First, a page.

Ludwig van Beethoven is considered one of the greatest and most influential composers in the history of music. His Violin Concerto in D Major has been played by nearly every soloist in the past 150 years and, today, it is one of the major works in violin repertoire. Since its premiere by Franz Clement in the winter of 1806, many aspects of the violin, bow, and performance have undergone changes. This paper discusses the modern day knowledge of Beethoven's Violin Concerto, and how it is influencing the way violinists interpret and perform the concerto. It also points out some of the different performance styles starting from Clement's time to the present day.
Ludwig van Beethoven (1770 – 1827) was born in Bonn, which is part of modern Germany. He was a great talent as a child; some even said he was a successor to Mozart. At the age of twenty-two, he moved to Vienna, Europe's great center of music, to learn from Joseph Haydn. Throughout his life, Beethoven struggled emotionally with his gradual loss of hearing. As his hearing became worse, so did his mood. Compounding the problem was the medical treatment, which often contained high level of poisonous heavy metals such as lead. He moved to Heiligenstadt in 1802 at his doctor's encouragement to seek solitude and rest. When he realized that his hearing was not improving, he again contemplated suicide. At the depth of despair, he wrote the Heiligenstadt Testament. Addressed to his brothers, this letter was also a will, and suicide note. He concluded that “the only thing that held me back was my art. For indeed it seemed to me impossible to leave this world before I had produced all the works that I felt the urge to compose.”1 Fortunately, Beethoven never sent it to his family. A few months later, his spirits lifted considerably with the success of two premieres, his second symphony and third Piano Concerto, which he soloed with the orchestra.2 The Violin Concerto came directly from the urge that he expressed in the Heiligenstadt Testament: the urge to compose all the works within him.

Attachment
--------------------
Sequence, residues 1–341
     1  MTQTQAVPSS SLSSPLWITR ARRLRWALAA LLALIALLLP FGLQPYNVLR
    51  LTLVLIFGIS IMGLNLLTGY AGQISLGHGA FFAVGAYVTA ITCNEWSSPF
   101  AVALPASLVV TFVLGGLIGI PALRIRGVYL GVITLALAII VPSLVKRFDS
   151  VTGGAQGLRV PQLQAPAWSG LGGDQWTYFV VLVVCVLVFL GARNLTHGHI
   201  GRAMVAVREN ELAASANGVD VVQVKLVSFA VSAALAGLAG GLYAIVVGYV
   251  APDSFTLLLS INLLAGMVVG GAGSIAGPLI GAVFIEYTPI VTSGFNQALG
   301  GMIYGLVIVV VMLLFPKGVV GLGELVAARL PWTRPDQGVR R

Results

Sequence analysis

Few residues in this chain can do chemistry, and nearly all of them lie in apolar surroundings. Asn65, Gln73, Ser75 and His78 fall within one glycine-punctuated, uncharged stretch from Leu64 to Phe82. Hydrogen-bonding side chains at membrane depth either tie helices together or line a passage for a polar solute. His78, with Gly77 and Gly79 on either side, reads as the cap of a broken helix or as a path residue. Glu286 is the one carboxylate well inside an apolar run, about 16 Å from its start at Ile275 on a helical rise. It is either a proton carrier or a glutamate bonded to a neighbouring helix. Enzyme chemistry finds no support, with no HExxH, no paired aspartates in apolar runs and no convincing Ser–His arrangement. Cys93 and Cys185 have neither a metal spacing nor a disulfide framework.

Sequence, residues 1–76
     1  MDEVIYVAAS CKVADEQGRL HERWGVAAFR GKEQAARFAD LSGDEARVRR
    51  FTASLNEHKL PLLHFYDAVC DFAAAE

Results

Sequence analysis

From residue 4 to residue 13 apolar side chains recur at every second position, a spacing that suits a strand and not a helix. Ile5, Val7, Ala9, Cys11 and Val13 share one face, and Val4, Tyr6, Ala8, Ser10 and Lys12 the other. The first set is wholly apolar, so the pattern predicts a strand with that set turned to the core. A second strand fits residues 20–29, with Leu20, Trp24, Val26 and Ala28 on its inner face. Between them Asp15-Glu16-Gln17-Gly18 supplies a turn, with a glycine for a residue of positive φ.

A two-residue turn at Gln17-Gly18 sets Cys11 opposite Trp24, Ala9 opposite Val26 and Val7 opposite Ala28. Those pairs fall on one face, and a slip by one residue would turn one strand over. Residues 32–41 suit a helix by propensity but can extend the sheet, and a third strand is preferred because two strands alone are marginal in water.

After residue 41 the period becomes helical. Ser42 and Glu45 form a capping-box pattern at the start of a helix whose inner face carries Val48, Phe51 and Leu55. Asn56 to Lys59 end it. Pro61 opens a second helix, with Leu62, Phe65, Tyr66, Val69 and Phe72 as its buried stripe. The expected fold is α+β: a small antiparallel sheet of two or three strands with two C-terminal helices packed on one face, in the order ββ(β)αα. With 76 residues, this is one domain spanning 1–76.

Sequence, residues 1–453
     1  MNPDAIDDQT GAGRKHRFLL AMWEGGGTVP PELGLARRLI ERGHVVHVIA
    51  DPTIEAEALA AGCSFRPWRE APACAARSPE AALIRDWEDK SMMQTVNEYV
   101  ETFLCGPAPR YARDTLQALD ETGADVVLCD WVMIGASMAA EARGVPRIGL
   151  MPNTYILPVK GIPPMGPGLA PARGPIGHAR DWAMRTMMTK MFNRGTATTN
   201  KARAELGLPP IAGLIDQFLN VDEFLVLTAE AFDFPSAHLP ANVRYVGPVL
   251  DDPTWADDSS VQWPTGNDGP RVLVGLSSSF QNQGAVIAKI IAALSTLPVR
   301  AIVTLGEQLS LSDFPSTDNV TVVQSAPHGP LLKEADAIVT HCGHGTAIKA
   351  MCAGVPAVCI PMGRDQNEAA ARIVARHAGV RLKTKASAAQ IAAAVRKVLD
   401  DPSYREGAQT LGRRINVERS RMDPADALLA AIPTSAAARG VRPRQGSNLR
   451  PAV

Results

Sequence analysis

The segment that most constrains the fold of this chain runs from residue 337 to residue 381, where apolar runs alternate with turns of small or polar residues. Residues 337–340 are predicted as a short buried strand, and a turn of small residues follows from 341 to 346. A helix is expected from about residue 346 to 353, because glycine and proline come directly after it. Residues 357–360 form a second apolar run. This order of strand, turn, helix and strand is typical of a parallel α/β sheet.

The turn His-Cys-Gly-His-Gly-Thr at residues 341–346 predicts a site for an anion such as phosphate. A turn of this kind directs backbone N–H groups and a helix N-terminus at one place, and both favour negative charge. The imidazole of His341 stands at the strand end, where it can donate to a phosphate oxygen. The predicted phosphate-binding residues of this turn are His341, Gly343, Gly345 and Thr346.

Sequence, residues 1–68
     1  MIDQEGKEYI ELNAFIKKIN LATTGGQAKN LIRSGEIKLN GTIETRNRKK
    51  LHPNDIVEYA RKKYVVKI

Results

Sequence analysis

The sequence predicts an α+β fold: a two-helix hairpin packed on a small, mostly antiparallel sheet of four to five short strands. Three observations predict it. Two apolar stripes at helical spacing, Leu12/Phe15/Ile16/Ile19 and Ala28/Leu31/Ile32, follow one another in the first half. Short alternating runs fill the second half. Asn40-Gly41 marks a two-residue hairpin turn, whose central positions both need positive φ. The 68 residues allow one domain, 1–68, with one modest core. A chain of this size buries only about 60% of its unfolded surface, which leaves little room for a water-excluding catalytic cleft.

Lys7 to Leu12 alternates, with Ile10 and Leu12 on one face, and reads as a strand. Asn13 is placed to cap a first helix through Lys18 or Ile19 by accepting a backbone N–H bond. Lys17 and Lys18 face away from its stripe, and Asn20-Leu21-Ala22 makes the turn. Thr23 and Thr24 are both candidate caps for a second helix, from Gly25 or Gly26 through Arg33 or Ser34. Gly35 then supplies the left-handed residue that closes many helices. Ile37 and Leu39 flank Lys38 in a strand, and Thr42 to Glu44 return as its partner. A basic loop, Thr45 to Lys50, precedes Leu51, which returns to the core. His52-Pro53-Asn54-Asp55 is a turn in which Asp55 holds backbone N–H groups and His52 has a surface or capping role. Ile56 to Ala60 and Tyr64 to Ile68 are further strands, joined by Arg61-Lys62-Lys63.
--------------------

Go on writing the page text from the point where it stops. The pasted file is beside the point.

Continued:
When the French Revolution ended, Beethoven was a great admirer and supporter of the military leader Napoleon Bonaparte. But the love ended abruptly when Napoleon crowned himself emperor in 1804. Beethoven was said to have torn off the dedication page to Napoleon of his Third Symphony, and renamed it the Eroica Symphony, according to Ferdinand Ries.3
Before the violin concerto, Beethoven's earlier violin works included a sketch for a violin concerto in C, two Romances for solo violin and orchestra Op. 40, the Triple Concerto, Op. 56, and many chamber pieces. During his lifetime, the French Violin technique was the leading school. Famous practitioners included violinists Pierre Rode (1774 – 1830), and G. B. Viotti (1755 – 1824). It is known that Beethoven had contact with them, and even dedicated his last sonata to Rode. Beethoven was influenced largely by their style since the French were known to have mastered not only opera, but specifically the violin concerto.4 The opening four notes by the timpani in the Violin Concerto, are considered in the French military style. The broken octaves in the beginning of the solo part is also taken from the French school.5
In 1806, Beethoven finished his Violin Concerto in D Major two days before its premiere performance. It has been said that the violinist Franz Clement sightread the performance. Clement had been an Austrian child prodigy. No doubt, Beethoven was attracted to the “indescribable delicacy, neatness, and elegance; an extremely delightful tenderness and cleanness in playing which indisputably places Clement among the most perfect violinists”.6 At the premiere, the concerto received mixed reviews and was not played very much for some years afterwards. It wasn't until 1844, when the young Joseph Joachim, conducted by Felix Mendelssohn, revived the concerto to wonderful reviews. Joachim was known for clear technique and great...
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